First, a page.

desired bitmask is built, and finally the FPU rounding mode
is set back to the original state.
This is done to guarantee taht the ANSI C standard is fully
respected, no matter the platform, because there's no
dedicated asm instruction***.

*** maybe due to the fact that the IEEE 754 is still under
R&D, and may change in future. Just a wild guess...
[/edit]

These state changes stall the FPU twice per each cast.
Collaterally, the designated CPU pipe has to sit and rot
while waiting for the FPU to finish.
To add insult to injury, the state changes are unnecessary
in most cases anyway.

anubis said:

Simply write a piece of assembly code that pops the float you want from the floating point stack. That will atuomatically truncate it. I can post a piece of code when I'm home from work in a few hours or so.
I didn't mention that I know little to no asm.
I recognize jumps, and some basic instructions.
I know that the count of "push" and "pop" must always
match.
But that's all.

As far as my job is concerned, I don't need to know assembly.
Yet game programming is my 2nd hobby, and I'll have to
Examining the asm produced by the compiler isn't enough.

Kind regards everyone,
Ciao ciao : )
-Nautilus

(readin' this? you ought to get out more)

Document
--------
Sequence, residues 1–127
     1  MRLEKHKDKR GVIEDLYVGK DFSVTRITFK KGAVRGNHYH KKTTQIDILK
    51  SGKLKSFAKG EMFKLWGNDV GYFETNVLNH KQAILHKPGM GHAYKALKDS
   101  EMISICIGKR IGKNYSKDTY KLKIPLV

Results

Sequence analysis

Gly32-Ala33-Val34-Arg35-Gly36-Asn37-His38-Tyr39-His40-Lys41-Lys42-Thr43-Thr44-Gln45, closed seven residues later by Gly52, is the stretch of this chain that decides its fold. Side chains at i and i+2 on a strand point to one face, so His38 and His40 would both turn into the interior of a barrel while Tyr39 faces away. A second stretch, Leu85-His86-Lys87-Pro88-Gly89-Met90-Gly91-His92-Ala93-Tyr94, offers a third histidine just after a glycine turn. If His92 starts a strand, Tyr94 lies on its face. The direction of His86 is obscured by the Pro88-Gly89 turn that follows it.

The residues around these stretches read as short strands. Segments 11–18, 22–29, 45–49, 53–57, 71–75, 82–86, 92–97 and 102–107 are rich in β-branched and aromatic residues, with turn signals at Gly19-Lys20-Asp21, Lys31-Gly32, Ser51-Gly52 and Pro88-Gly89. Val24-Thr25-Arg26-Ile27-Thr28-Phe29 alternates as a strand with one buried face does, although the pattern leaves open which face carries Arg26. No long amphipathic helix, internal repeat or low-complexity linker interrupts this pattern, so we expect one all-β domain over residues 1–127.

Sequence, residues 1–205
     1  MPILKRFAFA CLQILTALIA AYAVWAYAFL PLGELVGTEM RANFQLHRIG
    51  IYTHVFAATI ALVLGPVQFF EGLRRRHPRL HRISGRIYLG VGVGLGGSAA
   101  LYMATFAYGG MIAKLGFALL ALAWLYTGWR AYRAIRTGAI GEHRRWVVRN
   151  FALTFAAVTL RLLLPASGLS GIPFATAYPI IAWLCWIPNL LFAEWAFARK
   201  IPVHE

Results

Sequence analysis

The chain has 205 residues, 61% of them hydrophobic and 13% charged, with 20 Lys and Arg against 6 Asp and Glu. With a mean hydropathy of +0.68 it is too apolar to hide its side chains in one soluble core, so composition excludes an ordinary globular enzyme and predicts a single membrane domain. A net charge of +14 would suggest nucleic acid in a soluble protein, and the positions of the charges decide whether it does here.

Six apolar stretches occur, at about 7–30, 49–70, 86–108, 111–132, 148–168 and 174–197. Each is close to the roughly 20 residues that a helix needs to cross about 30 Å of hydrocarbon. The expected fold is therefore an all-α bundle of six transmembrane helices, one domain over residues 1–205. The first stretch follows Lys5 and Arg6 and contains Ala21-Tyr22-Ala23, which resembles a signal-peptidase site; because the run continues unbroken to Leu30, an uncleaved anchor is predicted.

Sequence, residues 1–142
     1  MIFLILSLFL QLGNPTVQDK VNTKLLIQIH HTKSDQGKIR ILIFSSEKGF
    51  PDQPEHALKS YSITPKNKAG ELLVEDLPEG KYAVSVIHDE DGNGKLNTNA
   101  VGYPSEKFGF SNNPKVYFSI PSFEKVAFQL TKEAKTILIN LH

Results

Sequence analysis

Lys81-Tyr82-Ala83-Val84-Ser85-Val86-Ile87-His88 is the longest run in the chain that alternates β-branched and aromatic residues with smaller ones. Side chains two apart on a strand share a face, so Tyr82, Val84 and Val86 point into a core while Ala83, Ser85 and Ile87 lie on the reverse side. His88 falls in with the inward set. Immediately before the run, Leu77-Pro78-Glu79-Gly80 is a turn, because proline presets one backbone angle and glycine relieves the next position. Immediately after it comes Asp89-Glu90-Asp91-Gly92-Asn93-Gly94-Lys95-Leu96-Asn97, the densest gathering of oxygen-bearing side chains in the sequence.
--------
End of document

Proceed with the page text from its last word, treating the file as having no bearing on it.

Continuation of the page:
### #8.oisyn

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Posted 25 June 2007 - 04:53 PM

You can do Nils' trick safely for any float up to (but not including) 16777216. If you want a full positive int, use a double
unsigned ftoi(double d)
{
d += 4503599627370496.0;  // 1 << 52
return (unsigned &)d;
}

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### #9Kenneth Gorking

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Posted 25 June 2007 - 05:49 PM

More fun: :)

int FloatToInt(float x)

{

unsigned e = (0x7F + 31) - ((* (unsigned*) &x & 0x7F800000) >> 23);

unsigned m = 0x80000000 | (* (unsigned*) &x << 8);

return int((m >> e) & -(e < 32));

}

Any reason why the values has to be truncated? Rounding is faster, and this SSE2 snippet performs quite well:

#include <intrin.h>

int FloatToInt_SSE(float x)

{

}

"Stupid bug! You go squish now!!" - Homer Simpson

### #10t0rakka

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Posted 25 June 2007 - 06:16 PM

While we're on the topic, any fast/efficient way to do:

1. float[4] -> *unsigned* int [4] conversion from SSE xmm(n) (to anywhere, xmm register would be fine ;)

2. float[4] -> unsigned char [4] (normalized) conversion from SSE xmm(n) to anywhere, xmm, mm, 32 bit ALU register, .. memory (!)

The case 1 is easy for signed, but for unsigned have to swizzle, crackle and pop the values in multiple parts through mm registers. Likewise for case 2, am I missing something vital or is "unsigned" a second class citizen with SSE? (SSE2, SSE3, ..)

// example of case 2
__m128 c = ...;
uint32 v = _mm_cvtsi64_si32(_mm_packs_pu16(frag,frag));

FWIW, there is a better sequence for what I actually use this for (mantissa extraction) but it's not so good with the case 1, so I came wondering while bumping into this thread.. my bad. :O

### #11.oisyn

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Posted 25 June 2007 - 06:37 PM

I wonder why everyone uses the *(type*)&x notation while (type&)x works just fine. Must be old C remnants
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### #12Nautilus

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Posted 25 June 2007 - 08:17 PM

.oisyn said: